If I have a data journalism specialist subject, it is Britain. Writing about its public sector means finding out how to extract information on it through Freedom of Information, parliamentary written answers and open data on spending; knowing how to use official published data on Britain’s localities; and understanding the often-messy structure of local public services including councils, police, fire and NHS organisations.
I have just published a new e-book, Britdata: Finding data on the UK for journalists, researchers and campaigners, covering these areas and others, including tips on dealing with data and specific information on all of the UK’s top-tier local authority areas. A PDF of the introduction is here with more information here.
Continue reading “My new data journalism e-book, Britdata”
Buying Christmas presents is always difficult. Tim Harford had some great advice in the Financial Times – his best tip was to “adopt a passive gift-buyer strategy”, by giving something you know the recipients can use, such as hard cash, along with time and attention.
There is another kind of Christmas giving where it makes sense to combine hard cash, time and attention: charitable donations. I wrote a piece for the Guardian in 2013 about charity evaluators and two British charities that they rated very highly, Against Malaria Foundation (AMF) and Schistosomiasis Control Initiative (SCI). Continue reading “How to give well this Christmas: donate to super-efficient charities”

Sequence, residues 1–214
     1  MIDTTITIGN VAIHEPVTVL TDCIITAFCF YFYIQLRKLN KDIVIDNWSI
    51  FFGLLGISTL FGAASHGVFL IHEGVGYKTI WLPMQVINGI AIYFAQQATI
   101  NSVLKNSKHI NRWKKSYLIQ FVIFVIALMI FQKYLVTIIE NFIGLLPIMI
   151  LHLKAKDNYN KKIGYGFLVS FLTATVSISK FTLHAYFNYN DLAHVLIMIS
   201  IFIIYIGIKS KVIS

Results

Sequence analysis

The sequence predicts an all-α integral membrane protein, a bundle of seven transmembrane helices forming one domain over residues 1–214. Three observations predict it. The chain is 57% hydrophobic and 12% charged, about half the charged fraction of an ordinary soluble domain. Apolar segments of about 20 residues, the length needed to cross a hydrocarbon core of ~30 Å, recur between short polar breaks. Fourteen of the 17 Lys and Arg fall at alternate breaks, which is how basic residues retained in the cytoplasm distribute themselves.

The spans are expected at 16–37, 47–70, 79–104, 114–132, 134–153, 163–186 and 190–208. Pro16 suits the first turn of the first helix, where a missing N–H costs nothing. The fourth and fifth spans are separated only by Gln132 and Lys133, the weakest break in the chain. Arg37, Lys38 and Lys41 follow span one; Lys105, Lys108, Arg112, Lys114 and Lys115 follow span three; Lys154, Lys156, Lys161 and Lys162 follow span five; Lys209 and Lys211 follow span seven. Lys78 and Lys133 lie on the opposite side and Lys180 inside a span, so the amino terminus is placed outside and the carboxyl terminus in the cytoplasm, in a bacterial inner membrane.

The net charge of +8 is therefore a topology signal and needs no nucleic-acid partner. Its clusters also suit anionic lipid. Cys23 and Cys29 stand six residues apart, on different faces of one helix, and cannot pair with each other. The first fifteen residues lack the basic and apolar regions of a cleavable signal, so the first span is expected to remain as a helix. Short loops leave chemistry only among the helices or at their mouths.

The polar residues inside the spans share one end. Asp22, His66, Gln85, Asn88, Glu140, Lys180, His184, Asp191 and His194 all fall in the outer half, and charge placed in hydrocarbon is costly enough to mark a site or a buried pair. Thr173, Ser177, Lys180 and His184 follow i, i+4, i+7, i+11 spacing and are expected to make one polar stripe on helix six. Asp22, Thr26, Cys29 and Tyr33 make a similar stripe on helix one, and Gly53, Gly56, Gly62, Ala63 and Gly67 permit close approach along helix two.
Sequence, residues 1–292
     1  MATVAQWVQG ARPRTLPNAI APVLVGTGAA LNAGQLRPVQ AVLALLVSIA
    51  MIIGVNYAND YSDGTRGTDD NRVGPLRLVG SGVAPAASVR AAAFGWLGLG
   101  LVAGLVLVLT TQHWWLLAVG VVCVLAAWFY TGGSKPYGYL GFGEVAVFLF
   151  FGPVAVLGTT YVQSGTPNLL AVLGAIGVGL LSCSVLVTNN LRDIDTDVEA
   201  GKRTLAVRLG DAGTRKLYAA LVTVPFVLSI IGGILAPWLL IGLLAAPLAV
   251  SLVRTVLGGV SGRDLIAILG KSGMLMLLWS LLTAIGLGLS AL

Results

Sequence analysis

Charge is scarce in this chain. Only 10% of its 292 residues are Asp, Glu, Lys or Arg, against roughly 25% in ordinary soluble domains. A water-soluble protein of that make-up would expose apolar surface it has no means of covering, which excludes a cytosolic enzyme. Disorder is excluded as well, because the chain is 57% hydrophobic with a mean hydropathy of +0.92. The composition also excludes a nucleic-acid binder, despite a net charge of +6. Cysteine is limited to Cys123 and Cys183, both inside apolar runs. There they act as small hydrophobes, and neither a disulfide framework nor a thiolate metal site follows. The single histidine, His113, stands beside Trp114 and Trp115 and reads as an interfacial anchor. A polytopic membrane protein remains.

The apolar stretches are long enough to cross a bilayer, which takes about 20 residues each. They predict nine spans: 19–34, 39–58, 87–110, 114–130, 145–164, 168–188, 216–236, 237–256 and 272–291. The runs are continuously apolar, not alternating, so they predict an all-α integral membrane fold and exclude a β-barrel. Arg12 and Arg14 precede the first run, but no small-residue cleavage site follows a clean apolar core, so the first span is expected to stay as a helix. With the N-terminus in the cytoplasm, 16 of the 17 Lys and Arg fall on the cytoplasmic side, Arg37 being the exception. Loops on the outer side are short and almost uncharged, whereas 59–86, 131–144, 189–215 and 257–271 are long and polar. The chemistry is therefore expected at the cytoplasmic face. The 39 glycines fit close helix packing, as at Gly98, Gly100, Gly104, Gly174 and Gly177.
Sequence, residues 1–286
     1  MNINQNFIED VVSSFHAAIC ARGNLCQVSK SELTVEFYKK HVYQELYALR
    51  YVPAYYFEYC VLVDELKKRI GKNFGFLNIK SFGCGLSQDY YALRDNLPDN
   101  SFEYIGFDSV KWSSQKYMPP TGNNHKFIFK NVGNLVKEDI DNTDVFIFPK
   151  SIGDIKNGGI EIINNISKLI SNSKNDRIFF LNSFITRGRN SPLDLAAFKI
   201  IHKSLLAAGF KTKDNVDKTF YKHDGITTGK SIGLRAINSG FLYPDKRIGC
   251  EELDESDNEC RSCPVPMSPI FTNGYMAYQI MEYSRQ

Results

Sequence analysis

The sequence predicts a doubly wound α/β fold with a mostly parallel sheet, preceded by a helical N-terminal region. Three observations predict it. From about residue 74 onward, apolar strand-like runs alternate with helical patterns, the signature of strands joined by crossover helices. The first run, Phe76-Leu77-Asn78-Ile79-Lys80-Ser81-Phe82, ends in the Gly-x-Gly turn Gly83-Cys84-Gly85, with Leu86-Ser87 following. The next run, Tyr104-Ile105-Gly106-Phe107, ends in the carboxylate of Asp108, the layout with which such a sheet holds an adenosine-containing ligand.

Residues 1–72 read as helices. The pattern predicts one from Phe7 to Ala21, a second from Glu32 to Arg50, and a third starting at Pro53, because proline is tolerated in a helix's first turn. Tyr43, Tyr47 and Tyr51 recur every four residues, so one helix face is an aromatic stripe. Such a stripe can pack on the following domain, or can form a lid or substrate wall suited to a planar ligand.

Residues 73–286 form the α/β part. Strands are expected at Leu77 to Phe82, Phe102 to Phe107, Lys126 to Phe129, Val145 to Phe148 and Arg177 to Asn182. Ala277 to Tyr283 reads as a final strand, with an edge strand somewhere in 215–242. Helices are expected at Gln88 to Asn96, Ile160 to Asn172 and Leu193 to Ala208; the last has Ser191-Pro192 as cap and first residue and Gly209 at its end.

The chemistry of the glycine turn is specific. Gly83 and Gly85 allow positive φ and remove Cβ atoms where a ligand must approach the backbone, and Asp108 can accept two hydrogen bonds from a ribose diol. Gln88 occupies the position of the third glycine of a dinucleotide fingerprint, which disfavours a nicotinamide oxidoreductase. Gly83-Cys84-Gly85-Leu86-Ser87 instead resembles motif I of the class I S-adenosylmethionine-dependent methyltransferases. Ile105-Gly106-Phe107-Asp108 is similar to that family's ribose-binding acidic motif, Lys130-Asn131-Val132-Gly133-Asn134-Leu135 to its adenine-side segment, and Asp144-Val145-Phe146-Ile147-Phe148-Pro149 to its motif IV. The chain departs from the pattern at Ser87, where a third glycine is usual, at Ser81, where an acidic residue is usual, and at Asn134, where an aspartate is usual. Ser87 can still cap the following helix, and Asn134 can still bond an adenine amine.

I have written about automated decision making or machine learning for Computer Weekly, in particularly the numerous problems with using it. The biggest set of issues is summed up nicely by Joanna Bryson of Bath and Princeton universities: “The reason machine learning is working so well is it is leveraging human culture. It’s getting the bad with the good.”
Continue reading “The many problems with automated decision making”
Originally published by Guardian Healthcare Professionals Network, 29 March 2017
A six minute walk test is more work than it sounds. It measures a patient’s health by getting them to walk up and down a measured length of corridor wearing a finger sensor that records blood oxygen level and pulse, with two healthcare professionals counting the turns and monitoring the sensor data. Continue reading “Wearable technology in cardiology, epilepsy and diabetes care”
Volunteers in Oxford agreed to infect themselves with typhoid, as part of a recently-completed trial of a vaccination that could save the lives of hundreds of thousands of people.
The Oxford Vaccine Group, part of University of Oxford, gave 99 volunteers a drink laced with live Salmonella Typhi bacteria a month after vaccinating them. A third had been vaccinated with Typbar-TCV, a new conjugate typhoid vaccine, a third with established vaccine Typhim Vi and the rest with meningitis vaccine Menveo, which does not protect against typhoid. Neither the volunteers nor the doctors carrying out the injections knew who was getting which vaccine. Continue reading “Oxford vaccine test volunteers infected with typhoid”